I also use Molex connectors and gold pins.

    Photos? Well these links might help give you some ideas.

    R1150 GS Blue Sea 5025 Fuse Block Install

    R1150 GS Driving Light Relay & AutoSwitch Install

  5. #5
    From MARS

    Sealing butt splices

    Anchor brand makes butt splices that have a shrinkwrap type outer cover. After double crimping each end, you apply a little hot air, and its watertight. You'll find them at marine outlets most likely.

  6. #6
    Excuse me I forgot to answer your questions.

    What's the best way to make a wire longer?
    The best way is to entirely replace the wire. Sometimes if the wire is in a factory loom and not replaceable in the loom, I run another wire outside the loom and leave the original wire in as a spare. If you feel you must add on to the existing wire a butt splice with a crimp is the best way.

    How do you deal with connecting wires of different gauges?
    Once again a butt splice. If one of the wires is quite a bit smaller than the other and is really difficult to crimp, fold the smaller wire once (to double the "size") and try the crimp again.

    What's the best wire loom and where do you get it?
    Wire or Loom?

    Wire--As I noted before stranded wire with more strands is better, with teflon insulation. Lots of strands makes the wire very flexible. If you have the chance look at a welding cable, it's good example of extreme flexibility in a very large cable size. Buy wire in small spools at specialty electronic supply houses or on the net.

    --In the bad old days nylon tie cord was used to make looms. You can use zip ties instead, get the smallest possible zip ties you can find and orient the locks out of view.
    --A woven nylon sleeve is great and also the most difficult to work with and impossible to find.
    --A split plastic sleeve sold as wire loom is convenient but rarely looks good.
    --A flexible non-split plastic sleeve works for short runs only and wire split outs have to handled with multiple pieces of sleeve.
    --Plastic non-adhesive tape like they use on new cars is very difficult to do by hand, use the next method instead.
    --The most straight forward approach is a taped bundle. Taping the entire run makes the bundle too stiff. So you tape at each split out and then every 3 to 4 inches along the length. You need to lay the bundle in position before starting the taping or it will have kinks at the bends. So, you use loose zip ties to hold it together before you use the Scotch Electrical tape to make the bundle like a loom.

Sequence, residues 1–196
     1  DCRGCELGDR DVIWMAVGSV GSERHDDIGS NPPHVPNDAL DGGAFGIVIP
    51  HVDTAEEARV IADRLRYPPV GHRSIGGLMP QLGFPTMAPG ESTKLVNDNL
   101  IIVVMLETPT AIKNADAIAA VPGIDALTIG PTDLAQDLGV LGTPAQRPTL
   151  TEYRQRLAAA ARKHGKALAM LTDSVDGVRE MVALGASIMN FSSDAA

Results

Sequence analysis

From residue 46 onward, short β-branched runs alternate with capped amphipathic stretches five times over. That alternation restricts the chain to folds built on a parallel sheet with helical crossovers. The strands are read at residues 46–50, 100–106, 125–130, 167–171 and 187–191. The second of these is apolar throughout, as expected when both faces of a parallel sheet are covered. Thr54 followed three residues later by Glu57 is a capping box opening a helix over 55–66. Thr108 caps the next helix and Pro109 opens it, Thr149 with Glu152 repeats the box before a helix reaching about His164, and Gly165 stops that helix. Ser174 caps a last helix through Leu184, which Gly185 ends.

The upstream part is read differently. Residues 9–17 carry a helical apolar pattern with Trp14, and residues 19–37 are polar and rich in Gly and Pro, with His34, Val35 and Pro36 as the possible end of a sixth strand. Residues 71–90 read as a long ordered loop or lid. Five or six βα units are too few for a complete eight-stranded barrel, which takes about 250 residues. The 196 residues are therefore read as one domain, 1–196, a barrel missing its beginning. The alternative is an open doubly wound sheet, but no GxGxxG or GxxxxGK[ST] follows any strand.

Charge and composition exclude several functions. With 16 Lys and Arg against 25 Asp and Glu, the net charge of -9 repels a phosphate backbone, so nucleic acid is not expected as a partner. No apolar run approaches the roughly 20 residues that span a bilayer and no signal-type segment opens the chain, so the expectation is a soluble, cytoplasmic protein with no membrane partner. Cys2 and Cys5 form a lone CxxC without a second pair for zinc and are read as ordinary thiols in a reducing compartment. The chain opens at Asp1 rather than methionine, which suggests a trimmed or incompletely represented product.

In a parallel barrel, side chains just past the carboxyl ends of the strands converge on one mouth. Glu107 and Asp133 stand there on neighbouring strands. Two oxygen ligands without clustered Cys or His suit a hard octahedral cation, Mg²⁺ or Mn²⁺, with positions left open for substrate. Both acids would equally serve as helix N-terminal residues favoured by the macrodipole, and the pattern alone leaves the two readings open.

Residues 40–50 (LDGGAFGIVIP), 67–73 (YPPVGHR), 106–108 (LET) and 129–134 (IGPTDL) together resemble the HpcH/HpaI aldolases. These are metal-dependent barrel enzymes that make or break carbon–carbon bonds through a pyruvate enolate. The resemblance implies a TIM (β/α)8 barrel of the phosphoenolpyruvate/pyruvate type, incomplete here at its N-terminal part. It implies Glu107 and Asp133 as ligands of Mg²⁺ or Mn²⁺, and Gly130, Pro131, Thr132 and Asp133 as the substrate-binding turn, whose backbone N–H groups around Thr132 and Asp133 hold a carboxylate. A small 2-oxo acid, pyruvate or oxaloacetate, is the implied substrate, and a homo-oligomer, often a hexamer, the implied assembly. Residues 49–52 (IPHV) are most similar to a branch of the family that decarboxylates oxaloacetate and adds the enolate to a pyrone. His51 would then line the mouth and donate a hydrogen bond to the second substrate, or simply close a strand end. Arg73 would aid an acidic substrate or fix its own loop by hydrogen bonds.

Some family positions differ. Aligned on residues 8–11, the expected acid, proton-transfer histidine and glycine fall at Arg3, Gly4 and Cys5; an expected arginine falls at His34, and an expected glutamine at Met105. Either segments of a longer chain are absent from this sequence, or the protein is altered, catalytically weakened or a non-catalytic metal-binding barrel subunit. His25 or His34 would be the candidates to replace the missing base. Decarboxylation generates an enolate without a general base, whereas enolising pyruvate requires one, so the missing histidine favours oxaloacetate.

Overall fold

How do you label your wires? (or do you eschew labeling the pairs and just use a master diagram?)
    Noted in previous response, use color codes and write on zip tie flags. You'll lose the wiring diagram.

    When a device comes with an inline fuse, but you're already connecting it to a fuse block, do you eliminate the inline fuse?
    This is a trick question and needs two answers.

    Normally, use only one fuse per circuit, a fuse block if properly mounted (protected and sturdy) is more reliable than an in line fuse.

    Unless there is only one fuse in a fuse block and you are feeding multiple circuits from this one fuse. In which case, replace the block with block with individual fuses for each circuit, or use inline fuses from that single fuse block. You should avoid using 10 amp fuses to protect small current draw electronics, e.g., MPEG players, GPS units. For those use what the manufacturer recommends, which will likely be an amp or less.

    Do you tin the bare end of a wire that you're screwing into an aux fuse block?
    Noted in previous response, but be careful to only tin the tip. Stiff wire (due to excessive tinning) extending from the block will be a fatigue weakness point.


    Zip Ties--if you can find them Nylon zip ties are better than generic plastic ties. They are stronger (they will cinch down tighter, sometimes too tight) and are more durable (they won't age crack) in other words they last longer than plastic. I am not sure about their sun resistance though. Never-the-less, they are fairly expensive and will be available only at specialty electronic supply shops. If all you have available is black, sun resistant ties, then use them.